There is another wrinkle, though. The Martinostat tracer does not distinguish between particular class I isoforms. Li-Huei Tsai of the Massachusetts Institute of Technology noted that some of these may move in different directions in AD. For example, Tsai has evidence that HDAC2 rises in the hippocampi of AD mice, whereas other isoforms, such as HDAC1, may fall. HDAC2 has been tied to harmful effects, while HDAC1 and a class III isoform, SIRT1, seem to be neuroprotective in mice (Dec 2008 conference news; May 2009 news; Feb 2010 conference news). “Concerning using HDAC inhibitors for treatment, obviously isoform specificity would be very important,” Tsai wrote to Alzforum. She did not hear Pascoal’s AAIC talk.
Hooker acknowledges that Martinostat’s lack of specificity is a limitation. Alas, he noted, available drugs don’t distinguish between class I isoforms, either. “We believe the pan-class Martinostat is useful to judge the overall HDAC, or epigenetic, ‘tone,’” Hooker told Alzforum. Another potential limitation of the tracer is that it measures HDAC protein level, not necessarily its activation state. “We assume that HDAC density and activity are linked, but HDAC [regulation] is complicated. As with all PET imaging agents in humans, we have to be cautious with the exact interpretation,” Hooker noted.
How does this information affect HDAC inhibitor trials? The McGill group recommended caution. “Because HDAC class I levels are already low in AD, there is the potential that reducing them further could cause harm,” Pascoal said.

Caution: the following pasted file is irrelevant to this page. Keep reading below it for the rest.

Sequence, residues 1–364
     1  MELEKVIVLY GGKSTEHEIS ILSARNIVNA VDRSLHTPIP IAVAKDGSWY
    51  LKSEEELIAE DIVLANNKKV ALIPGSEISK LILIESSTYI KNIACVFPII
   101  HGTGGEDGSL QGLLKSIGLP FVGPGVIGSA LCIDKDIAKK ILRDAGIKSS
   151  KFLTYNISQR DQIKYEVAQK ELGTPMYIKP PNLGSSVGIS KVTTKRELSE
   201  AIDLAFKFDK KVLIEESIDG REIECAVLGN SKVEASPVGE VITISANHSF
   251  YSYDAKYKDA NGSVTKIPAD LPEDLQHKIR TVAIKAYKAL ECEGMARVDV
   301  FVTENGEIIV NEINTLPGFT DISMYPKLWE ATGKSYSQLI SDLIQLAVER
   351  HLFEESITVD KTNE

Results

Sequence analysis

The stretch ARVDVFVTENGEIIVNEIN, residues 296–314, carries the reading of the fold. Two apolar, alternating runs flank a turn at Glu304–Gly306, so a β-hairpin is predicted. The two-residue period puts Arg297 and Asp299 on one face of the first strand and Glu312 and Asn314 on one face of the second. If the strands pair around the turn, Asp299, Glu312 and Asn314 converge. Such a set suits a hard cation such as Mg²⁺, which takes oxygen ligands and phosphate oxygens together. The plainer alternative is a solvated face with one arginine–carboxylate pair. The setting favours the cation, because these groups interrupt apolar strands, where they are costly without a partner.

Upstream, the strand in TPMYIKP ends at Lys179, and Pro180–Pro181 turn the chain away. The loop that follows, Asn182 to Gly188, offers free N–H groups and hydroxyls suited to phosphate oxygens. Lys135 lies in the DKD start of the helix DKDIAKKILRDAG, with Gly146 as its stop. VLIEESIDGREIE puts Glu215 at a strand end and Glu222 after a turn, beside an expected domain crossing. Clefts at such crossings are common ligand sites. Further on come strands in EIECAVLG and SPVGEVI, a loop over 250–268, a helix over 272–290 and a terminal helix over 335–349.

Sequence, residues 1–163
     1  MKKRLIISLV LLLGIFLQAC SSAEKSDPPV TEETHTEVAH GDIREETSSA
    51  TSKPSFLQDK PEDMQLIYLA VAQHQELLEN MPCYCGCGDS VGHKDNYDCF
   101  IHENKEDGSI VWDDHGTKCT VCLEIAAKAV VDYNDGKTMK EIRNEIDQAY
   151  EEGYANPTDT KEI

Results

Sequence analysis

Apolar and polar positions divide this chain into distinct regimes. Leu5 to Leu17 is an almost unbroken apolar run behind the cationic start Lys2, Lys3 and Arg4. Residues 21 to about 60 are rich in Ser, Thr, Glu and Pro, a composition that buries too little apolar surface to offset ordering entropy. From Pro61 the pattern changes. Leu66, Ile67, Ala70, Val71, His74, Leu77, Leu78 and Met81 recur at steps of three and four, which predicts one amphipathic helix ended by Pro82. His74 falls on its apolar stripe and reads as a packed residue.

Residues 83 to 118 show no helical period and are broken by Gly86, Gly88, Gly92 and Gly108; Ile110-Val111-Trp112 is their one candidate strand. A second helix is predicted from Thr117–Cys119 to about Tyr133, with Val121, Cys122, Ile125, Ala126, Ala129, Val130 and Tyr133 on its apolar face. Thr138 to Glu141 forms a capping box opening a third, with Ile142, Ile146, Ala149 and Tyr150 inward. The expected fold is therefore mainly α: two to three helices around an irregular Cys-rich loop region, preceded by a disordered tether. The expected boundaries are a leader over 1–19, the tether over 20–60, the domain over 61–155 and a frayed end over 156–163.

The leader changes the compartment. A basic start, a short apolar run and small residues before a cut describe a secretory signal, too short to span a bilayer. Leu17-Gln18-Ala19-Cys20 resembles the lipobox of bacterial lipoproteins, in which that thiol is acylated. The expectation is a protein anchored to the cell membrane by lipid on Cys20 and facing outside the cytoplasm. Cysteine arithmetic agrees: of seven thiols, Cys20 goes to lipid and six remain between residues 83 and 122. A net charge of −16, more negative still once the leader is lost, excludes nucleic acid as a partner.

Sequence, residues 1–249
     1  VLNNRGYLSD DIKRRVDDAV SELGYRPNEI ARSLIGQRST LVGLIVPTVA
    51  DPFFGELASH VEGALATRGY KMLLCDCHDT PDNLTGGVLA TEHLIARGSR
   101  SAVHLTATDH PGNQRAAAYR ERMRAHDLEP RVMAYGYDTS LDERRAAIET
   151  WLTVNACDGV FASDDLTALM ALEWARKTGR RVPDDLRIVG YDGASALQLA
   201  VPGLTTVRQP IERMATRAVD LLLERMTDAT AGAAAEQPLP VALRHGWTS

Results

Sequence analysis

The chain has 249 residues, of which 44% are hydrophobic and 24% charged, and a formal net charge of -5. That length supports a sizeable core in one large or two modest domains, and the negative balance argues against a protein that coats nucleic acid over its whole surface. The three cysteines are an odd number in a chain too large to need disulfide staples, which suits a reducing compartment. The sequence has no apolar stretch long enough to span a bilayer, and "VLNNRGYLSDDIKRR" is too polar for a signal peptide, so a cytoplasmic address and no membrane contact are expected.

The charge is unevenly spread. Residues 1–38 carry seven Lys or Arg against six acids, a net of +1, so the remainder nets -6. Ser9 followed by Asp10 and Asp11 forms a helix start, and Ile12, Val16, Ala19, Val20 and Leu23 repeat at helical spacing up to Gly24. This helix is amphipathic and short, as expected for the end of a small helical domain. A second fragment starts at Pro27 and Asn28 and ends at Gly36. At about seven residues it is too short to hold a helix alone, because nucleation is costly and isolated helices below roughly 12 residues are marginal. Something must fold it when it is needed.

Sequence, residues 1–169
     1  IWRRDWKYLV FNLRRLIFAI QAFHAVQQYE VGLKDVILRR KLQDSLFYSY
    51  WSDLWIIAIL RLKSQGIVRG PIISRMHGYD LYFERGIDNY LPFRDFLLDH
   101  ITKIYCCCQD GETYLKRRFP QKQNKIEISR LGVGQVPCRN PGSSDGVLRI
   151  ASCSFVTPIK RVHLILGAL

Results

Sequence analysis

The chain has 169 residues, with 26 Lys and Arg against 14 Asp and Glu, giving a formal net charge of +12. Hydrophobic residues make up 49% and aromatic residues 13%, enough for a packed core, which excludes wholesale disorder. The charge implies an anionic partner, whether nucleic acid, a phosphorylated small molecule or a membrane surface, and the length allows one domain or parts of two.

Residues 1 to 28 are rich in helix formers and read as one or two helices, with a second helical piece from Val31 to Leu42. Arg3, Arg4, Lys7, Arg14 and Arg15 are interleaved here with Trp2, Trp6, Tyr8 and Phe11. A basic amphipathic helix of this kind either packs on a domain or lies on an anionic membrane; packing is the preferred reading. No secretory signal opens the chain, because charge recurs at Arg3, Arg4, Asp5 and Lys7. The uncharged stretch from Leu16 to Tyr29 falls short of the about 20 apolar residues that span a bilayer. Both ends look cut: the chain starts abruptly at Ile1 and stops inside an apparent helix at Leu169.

A Phase 1 open-label dose-finding study of the HDAC inhibitor vorinostat is currently enrolling in Germany. Vorinostat inhibits class I and class II HDACs. The McGill group has shared their data with the German investigators so they can take it into account. Notably, the class I HDAC inhibitor valproate was previously found ineffective for managing neuropsychiatric symptoms in AD, and it also associated with worse cognitive decline (Fleisher et al., 2011).
Meanwhile, researchers at the University of California, Irvine, are investigating the class III HDAC inhibitor nicotinamide for AD. They wrapped up a Phase 1 safety study of 50 AD patients in 2014, and are currently enrolling for Phase 2. The Martinostat findings provide no information on class III HDACs, Pascoal noted.—Madolyn Bowman Rogers